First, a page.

Genomic heritability (h2) values ranged between 0.0 and 0.80, with ten pod weight and plant height having the highest h2 values at 0.80 and 0.76, respectively. Yield-related traits were the least heritable, with h2 at 0.0 (mature green yield) and 0.10 (mature red yield and total yield per plant). Plant width (0.31), first pod date (0.26), and flowering time (0.28) had moderately low values for h2.

The BLUP and ridge regression models showed advantages for traits such as total yield per plant, ten pod weight, first pod date, and plant width over the deep learning models. There was a direct relationship between reported broad-sense heritability values, H2, for the traits and accuracy of genomic selection where a significant (P < 0.05) correlation using the whole marker data (Spearman rank correlation coefficient, ρ = 0.72; P = 0.0018) and the subset of markers (ρ = 0.71; P = 0.0022) across all traits was observed.

Table 1 Mean prediction accuracies across the different Bayesian ridge regression and BLUP and deep learning models for yield and agronomic traits in chile pepper using whole marker and a subset (s) of SNP loci for genomic selection

Genomic estimated breeding values and response to selection

Differences among the genomic estimated breeding values (GEBVs) were observed across the different models, where related traits showed higher values of correlation (Additional file 4, Table S1). For the BRR model using the whole marker dataset, for example, plant height and plant width GEBVs demonstrated highly significant correlation coefficient (r = 0.77; P < 0.0001) (Fig. 1). Similarly, first pod date and flowering time showed high correlation value (r = 0.99; P < 0.0001). Mature red and mature green yield had significant correlation with total yield per plant; however, ten pod weight did not have significant correlation with total yield per plant GEBVs. Across all genomic prediction models, marker datasets, and traits, GEBVs ranged between − 5.85E-08 (mature green) and 93.07 (plant height) (Table 2). Plant width had mean GEBVs of 30.81 (whole marker dataset) and 31.18 (LD-based marker dataset) across all prediction models, whereas flowering time had average values for GEBV of 27.59 and 27.68 for the whole marker and LD-based marker datasets, respectively. Skewed (non-normal) distributions for the GEBVs were observed across the traits (Shapiro Wilk test, P < 0.05) (Fig. 1).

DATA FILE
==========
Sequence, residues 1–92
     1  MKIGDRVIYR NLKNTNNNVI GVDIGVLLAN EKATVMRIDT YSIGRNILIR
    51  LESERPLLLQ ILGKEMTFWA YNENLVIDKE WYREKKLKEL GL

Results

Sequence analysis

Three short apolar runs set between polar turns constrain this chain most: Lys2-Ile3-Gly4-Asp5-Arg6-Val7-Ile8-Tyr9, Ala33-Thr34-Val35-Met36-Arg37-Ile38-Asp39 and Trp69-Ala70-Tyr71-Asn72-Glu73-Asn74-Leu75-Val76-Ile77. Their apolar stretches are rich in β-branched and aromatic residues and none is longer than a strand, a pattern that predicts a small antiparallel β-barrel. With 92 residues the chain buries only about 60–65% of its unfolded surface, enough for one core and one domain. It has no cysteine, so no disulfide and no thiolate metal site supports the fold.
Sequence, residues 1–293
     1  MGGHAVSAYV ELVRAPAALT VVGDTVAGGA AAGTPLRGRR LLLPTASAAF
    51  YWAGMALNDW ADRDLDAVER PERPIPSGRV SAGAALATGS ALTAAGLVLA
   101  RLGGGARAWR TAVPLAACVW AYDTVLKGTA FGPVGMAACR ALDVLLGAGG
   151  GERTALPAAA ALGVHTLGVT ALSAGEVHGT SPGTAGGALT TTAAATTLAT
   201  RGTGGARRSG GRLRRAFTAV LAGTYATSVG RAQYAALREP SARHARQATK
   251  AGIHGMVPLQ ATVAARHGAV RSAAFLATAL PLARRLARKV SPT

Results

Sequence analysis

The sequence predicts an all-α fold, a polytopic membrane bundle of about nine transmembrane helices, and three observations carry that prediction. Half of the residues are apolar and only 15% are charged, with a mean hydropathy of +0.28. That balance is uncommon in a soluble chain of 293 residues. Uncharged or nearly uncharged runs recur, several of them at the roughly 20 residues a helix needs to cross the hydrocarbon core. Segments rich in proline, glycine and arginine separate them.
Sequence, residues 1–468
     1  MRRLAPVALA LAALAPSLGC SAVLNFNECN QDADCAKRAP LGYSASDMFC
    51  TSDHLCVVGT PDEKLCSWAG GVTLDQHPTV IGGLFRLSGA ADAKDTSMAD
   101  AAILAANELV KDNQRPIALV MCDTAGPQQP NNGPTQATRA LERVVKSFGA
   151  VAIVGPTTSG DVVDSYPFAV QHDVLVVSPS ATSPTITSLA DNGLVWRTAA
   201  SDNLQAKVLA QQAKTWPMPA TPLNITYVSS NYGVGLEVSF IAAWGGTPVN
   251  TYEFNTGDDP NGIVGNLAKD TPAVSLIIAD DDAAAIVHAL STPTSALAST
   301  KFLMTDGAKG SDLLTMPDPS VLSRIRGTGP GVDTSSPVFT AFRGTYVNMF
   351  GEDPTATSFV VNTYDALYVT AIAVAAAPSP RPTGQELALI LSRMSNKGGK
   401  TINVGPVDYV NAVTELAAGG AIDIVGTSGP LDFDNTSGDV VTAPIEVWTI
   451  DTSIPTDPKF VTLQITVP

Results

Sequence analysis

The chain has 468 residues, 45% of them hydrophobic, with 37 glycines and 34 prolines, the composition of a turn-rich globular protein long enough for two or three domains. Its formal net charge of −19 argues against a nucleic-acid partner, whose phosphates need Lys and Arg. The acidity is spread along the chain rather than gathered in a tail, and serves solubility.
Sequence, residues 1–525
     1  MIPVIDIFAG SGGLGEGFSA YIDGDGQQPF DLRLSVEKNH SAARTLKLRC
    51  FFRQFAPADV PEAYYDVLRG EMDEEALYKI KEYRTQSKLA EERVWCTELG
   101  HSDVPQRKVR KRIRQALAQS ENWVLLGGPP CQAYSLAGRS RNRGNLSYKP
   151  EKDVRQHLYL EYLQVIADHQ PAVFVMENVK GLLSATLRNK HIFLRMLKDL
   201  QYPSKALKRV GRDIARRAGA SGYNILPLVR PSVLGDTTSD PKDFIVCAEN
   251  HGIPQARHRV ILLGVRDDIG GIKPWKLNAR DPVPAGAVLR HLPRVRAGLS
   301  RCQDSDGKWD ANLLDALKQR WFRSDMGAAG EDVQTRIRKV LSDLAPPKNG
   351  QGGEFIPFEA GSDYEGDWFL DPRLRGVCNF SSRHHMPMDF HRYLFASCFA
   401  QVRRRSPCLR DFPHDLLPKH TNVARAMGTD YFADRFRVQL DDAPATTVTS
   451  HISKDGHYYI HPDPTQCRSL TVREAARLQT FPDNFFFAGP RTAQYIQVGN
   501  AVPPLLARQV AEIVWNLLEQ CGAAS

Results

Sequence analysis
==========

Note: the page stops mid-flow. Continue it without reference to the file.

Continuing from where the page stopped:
Fig. 1
figure 1

Correlation between genomic estimated breeding values for yield and agronomic traits in chile pepper using a Bayesian ridge regression genomewide prediction model. FPD- First pod date; FT- Flowering time; GRN- Mature green yield; PHT- Plant height; PWDTH- Plant width; RED- Mature red yield; TPW- Ten pod weight; TYP- Total yield per plant

Table 2 Summary statistics for the genomic estimated breeding values (GEBVs) across different prediction models for quantitative traits in chile pepper

The response to selection, R, for yield and yield components were evaluated by estimating selection differentials for various selection strategies, namely, phenotypic selection (PS) (selection using phenotypic (BLUP) values), genomic selection (GS) (selection using GEBV), and PS + GS (selection using both BLUP values and GEBV) and multiplying these selection differentials to the reported broad-sense heritability, H2, of the trait (Table 3). The values for R for green yield per plant were similar for PS, GS, and PS + GS. Using GEBVs exclusively for selecting the Top 20 selection candidates (i.e., 10% selection intensity) resulted in an overall decrease for the values for selection differential (S), and consequently, response to selection, for the other yield-related traits, viz. red yield per plant (-67%), ten pod weight (-3%), and total yield per plant (-33%), relative to PS. In contrast, selecting for the genotypes with the highest BLUP and highest GEBV (PS + GS) resulted in gain for R for red yield per plant (17%), ten pod weight (8%), and total yield per plant (33%). Using a PS + GS strategy, there were 11 (55%), 9 (45%), 17 (85%), and 9 (45%) individuals that were selected for mature green yield, mature red yield, ten pod weight, and total yield per plant, respectively.

Table 3 Response to selection (R) for total yield per plant and yield components using whole marker dataset for a Bayesian ridge regression model. The top 20 selection candidates (genotypes) with the highest phenotypic value (PV) and genomic estimated breeding values (GEBV), corresponding to a selection intensity of 10%, were selected for phenotypic selection (PS) and genomic selection (GS), respectively. The top 10% selection candidates with the highest PV and GEBV from PS and GS were selected in PS + GS.